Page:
Film Subsidies: Economic Dead End

I have a fair amount of respect for the folks at Albuquerque Studios. After all, they plopped down a lot of private money to build their studios just south of Albuquerque. Certainly, they did this with the intent of taking advantage of New Mexico’s massively-subsidized film industry, but unlike the Santa Fe Studios which are again subsidized, the Albuquerque Studios themselves were not. Unfortunately, in a sign that the film industry is not economically-viable in New Mexico — perhaps even with massive taxpayer handouts — it has come to light that the folks at Albuquerque Studios owe $334,000 in unpaid property taxes. This comes on top of the Studios’ recent flirtation with bankruptcy.

If the film industry is so great, shouldn’t SOMEBODY in this state be able to create a going concern without directly relying on government handouts?

Oh, and then there is this nice analysis of that state’s film industry subsidies from our friends at the Mackinac Center, a free market think tank based in Michigan. Despite $117 million in film subsidies over two years, there are fewer people employed in the film industry now than before the program took effect!

With a new governor coming into office this November and the economy (and budget) still in the tank, now would seem to be a great time to discuss the future of the film subsidy program and whether we can eliminated or at least limit its negative impact on taxpayers.

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3 Replies to “Film Subsidies: Economic Dead End”

  1. Lots of States try this tactic. It fails because the movie folks go where the next tax incentive is higher. Unless you offer tax incentives to establish a company and build infrastructure no long term benefits will be realized. In the early 80’s the Federal Government offered tax incentives for investments in infrastructure, machinery and manufacturing. This was a great time because companies would purchase equipment needed to establish or grow services which were normally financed over 3 to 5 years. Just sending out checks for showing up is like the old Chinese proverb…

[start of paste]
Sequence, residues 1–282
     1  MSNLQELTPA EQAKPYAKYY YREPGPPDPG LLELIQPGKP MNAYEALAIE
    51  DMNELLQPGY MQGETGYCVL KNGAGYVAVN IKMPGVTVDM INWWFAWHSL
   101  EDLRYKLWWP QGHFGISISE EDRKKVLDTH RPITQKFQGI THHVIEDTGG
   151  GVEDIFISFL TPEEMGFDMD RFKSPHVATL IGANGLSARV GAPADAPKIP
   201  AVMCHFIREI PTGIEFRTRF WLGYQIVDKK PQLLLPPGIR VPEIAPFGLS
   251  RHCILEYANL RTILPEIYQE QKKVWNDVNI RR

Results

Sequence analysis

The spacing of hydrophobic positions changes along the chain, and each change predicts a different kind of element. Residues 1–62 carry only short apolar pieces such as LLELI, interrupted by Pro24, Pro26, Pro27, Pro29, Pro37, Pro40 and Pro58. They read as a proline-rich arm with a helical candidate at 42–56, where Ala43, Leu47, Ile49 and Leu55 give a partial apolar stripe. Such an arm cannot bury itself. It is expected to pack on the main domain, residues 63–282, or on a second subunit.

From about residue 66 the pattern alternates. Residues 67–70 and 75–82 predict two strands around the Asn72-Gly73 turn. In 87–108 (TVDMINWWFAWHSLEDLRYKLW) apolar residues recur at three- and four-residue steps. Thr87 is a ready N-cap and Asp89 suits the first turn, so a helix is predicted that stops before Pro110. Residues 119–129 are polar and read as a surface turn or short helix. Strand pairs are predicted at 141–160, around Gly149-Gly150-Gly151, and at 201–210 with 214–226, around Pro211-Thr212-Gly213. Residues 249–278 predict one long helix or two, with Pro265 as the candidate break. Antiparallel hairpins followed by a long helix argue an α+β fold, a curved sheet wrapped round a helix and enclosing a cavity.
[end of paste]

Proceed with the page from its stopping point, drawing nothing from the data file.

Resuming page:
Give a man a fish and you feed him for a day. Teach a man to fish and you feed him for a lifetime.

    I provide consulting for the media and entertainment industry which is suffering.

    Imagine a producer explaining that he is going to Bulgaria to shoot his movie he is going with one actor and his director, every penny spent on the movie will be spent there. The revenue will flow through us companies and if profits are made taxes collected but no labor will be done here. Event the film processing is done there. The post production may or may not be done there.

    Sad but true.

  2. Same principal applies to any business venture. If it cannot stand on it’s own, iit is a detriment to a community for any governmental entity to subsidize it at the expense of local taxpaying businesses and resident taxpayers.

    Seems there is a never ending supply of people wanting something for nothing, not realizing their pie in the sky is using a multitude of tax dollars taken from people.

  3. Why do we give tax in incentives to film firms at all? It’s only a business.
    We want to hob-knob with glamourous film folk? They’re only people….and they brought their own lunch.

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